Actas - Consejo de los ADPIC - Ver detalles de la intervención/declaración

Mr. Martin Glass (Hong Kong, China)
World Trade Organization
F.3 Process of acceptance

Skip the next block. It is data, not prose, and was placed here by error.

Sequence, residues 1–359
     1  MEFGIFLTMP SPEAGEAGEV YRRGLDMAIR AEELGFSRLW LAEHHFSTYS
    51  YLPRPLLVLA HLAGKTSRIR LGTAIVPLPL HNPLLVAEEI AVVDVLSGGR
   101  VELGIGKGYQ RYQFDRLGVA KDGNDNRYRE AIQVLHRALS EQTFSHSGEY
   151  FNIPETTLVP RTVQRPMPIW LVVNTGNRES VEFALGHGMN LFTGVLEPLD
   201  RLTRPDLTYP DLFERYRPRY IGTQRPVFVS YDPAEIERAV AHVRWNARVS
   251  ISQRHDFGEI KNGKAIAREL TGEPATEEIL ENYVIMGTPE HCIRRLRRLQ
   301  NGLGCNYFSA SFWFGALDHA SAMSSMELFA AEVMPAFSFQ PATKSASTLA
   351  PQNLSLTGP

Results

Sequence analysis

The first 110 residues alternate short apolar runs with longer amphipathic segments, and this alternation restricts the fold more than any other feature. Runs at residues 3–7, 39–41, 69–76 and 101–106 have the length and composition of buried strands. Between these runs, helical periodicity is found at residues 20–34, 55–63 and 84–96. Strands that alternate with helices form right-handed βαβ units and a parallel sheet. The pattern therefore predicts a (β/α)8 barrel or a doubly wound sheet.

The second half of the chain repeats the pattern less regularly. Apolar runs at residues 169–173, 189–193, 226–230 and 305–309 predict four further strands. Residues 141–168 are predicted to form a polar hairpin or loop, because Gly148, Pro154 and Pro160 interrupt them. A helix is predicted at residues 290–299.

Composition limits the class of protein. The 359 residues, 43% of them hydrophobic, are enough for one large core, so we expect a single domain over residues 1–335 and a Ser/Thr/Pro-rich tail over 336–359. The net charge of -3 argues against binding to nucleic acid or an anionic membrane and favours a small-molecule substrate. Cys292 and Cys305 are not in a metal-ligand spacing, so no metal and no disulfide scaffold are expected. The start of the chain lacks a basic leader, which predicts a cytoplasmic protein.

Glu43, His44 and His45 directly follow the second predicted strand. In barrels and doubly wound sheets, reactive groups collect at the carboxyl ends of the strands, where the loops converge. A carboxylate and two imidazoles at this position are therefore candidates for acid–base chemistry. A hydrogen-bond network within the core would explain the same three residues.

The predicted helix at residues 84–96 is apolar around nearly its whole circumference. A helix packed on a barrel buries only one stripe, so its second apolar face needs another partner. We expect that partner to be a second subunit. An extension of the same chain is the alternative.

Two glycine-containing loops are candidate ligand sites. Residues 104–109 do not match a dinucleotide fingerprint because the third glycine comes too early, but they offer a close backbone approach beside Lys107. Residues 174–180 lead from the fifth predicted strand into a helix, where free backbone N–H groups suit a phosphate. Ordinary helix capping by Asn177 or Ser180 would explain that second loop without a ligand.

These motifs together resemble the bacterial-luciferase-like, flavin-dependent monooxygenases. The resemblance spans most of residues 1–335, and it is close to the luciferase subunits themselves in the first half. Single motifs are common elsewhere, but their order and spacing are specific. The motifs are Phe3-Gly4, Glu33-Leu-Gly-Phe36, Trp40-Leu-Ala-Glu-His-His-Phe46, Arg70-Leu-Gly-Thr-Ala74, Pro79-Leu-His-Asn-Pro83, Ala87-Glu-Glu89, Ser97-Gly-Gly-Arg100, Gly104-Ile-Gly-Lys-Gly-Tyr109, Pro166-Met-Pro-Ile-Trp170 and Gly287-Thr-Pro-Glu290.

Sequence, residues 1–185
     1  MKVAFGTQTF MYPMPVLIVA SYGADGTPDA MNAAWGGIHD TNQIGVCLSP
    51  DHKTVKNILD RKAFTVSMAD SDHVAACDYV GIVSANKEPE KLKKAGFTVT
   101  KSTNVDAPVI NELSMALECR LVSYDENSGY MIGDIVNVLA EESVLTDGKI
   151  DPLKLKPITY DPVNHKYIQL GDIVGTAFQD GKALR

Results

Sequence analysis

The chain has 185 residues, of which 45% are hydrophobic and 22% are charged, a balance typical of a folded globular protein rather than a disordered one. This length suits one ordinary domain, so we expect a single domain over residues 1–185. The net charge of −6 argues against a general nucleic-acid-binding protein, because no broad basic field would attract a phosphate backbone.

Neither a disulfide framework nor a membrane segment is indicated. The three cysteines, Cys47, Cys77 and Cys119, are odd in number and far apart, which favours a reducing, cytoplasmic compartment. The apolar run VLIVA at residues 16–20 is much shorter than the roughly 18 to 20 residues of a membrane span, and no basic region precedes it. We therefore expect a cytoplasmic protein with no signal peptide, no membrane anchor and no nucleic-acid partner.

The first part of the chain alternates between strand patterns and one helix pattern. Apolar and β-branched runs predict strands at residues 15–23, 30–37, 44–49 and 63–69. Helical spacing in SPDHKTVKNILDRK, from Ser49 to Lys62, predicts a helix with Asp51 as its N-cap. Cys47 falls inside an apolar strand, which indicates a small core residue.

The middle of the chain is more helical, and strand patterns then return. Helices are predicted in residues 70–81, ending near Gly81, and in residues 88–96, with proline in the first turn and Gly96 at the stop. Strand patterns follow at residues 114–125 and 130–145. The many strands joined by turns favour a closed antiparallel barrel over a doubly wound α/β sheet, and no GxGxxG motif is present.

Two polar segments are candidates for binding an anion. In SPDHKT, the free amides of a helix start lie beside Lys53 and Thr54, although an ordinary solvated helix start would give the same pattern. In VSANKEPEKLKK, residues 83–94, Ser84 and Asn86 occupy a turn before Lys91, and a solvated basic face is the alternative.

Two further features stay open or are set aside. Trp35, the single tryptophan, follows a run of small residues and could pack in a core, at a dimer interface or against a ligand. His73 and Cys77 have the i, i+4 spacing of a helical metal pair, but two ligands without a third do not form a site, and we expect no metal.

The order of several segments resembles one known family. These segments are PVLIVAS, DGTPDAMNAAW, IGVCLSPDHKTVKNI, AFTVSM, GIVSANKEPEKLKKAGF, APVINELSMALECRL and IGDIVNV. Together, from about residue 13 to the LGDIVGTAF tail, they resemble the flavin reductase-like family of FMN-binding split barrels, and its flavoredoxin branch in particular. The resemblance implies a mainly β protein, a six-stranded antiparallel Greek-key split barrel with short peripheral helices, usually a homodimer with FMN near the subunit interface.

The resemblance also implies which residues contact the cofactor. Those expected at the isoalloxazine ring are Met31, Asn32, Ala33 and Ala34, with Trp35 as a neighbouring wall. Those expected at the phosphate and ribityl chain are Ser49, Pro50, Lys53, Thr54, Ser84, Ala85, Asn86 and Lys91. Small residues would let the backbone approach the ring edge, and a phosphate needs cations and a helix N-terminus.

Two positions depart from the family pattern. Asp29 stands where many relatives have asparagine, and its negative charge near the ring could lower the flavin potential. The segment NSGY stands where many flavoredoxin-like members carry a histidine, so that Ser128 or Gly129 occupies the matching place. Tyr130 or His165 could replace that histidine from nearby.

188. A representative of the Secretariat briefed the Council on the procedural requirements of acceptance and current status of acceptances of the amendment to the TRIPS Agreement. He recalled that the TRIPS Amendment was a formal amendment to an international treaty, the TRIPS Agreement. The amendment process had started with the adoption, on 6 December 2005, of the General Council decision on the Amendment of the TRIPS Agreement. This decision reflected the political consensus reached by all WTO Members to amend the Agreement. In terms of international treaty law, it was the Protocol attached to the General Council decision that amended the TRIPS Agreement. However, for the amendment to have legal effect in the WTO, Members needed to formally express their consent to be bound by the Protocol. The General Council decision and the Protocol explicitly invited Members to accept the Protocol. The WTO Agreement, to which the TRIPS Agreement was attached as Annex 1C, included special rules on amendments in its Article X. Under Article X:7 of the WTO Agreement, formal acceptance of the TRIPS Amendment occurred by Members depositing an instrument of acceptance with the Director-General, who served as the depositary of the multi- and plurilateral trade agreements. 189. He said that there were several requirements for depositing a valid instrument of acceptance. First, the instrument of acceptance had to be a written document. He noted that there was no established form for this document, and that each Member would have its own practice in accepting international treaties and treaty amendments. However, under international law, the instrument of acceptance had to have certain elements in order to give clear and unambiguous expression to the relevant Member's intention and consent to be bound by the relevant instrument, in this case, the Protocol. In particular, the instrument of acceptance had to: (i) reproduce or at least clearly identify the Protocol by its title and by the place and date of its adoption, for example, "the Protocol Amending the TRIPS Agreement, done at Geneva on 6 December 2005"; (ii) indicate that the Member concerned formally accepted the Protocol; (iii) indicate the date and the place of issuance of the instrument of acceptance; and (iv) be issued by one of the "the Big Three", namely the head of state, the head of government, or the foreign minister of the Member concerned, depending on the Member's constitution and practice. Alternatively, the instrument of acceptance could be issued by another person, provided that one of the Big Three had formally issued what was known in treaty law as "full powers", which was a document specifically authorizing this person to accept the Protocol on behalf of the Member concerned. In any event, the instrument of acceptance had to be signed and had to indicate the name and title of the person signing the instrument. 190. He noted that the instrument needed to be deposited within the period of acceptance. Following two extensions of the original acceptance period, the current deadline for depositing acceptances was 31 December 2011. In other words, a Member had until this date to provide its signed instrument of acceptance to the Director-General. 191. On the question of the current status of acceptances, the representative of the Secretariat said that, as the General Council Decision and the Protocol provided, the Protocol was due to take effect in accordance with Article X:3 of the WTO Agreement. Pursuant to Article X:3, the amendment to the TRIPS Agreement resulting from the Protocol "shall take effect for the Members that have accepted [it] upon acceptance by two thirds of the Members and thereafter for each other Member upon acceptance by it". He noted that two thirds of the Membership would need to deposit an instrument of acceptance for the Protocol Amending the TRIPS Agreement to enter into force; this had not, as yet, occurred. 192. He said that there was a need to clearly distinguish between acceptance of the Protocol and implementation of the Paragraph 6 System in Members' domestic legal framework. He noted that it had been brought to the attention of the Secretariat that certain Members had postponed the acceptance of the Protocol because they had linked it to the adoption of domestic implementing legislation. Acceptance of the Protocol was an international treaty law act expressing a Member's consent to be bound by the Protocol on the international plane. It represented a Member's consent that WTO Members were entitled, i.e. permitted but not required, to use the system incorporated in the TRIPS Agreement through the Amendment. This process of acceptance needed to follow the relevant Member's constitutional requirements and the international treaty law requirements. 193. He noted that the act of acceptance was not dependent upon domestic implementation of the Protocol. The international act of accepting the Protocol needed to be clearly distinguished from the domestic implementation of the Paragraph 6 System. WTO Members could choose to take advantage of the flexibility provided in the Protocol and, if they did so, there could be a need to put it in place through a domestic legislative and regulatory process as governed by each Member's domestic procedures. Legally speaking, those two processes were therefore entirely separate. Members could choose to deal with them either jointly or separately. For example, a Member could choose to deposit an instrument of acceptance for the Protocol without adopting domestic legislation implementing the Paragraph 6 System, because the Member was only committing itself to accept that additional flexibilities became an integral part of the TRIPS Agreement. Similarly, a Member could put implementing legislation into place without having accepted the Protocol. There were examples for both approaches. 194. The representative of the Secretariat noted that the purpose of his presentation was to facilitate Members' understanding of the procedural implications of accepting the Protocol Amending the TRIPS Agreement. To further assist Members in drawing up their instruments, the information he had provided together with a model instrument of acceptance would be made available in writing. If particular Members had queries on how to accept the TRIPS Amendment, they could contact the Legal Affairs Division of the WTO Secretariat to seek further information.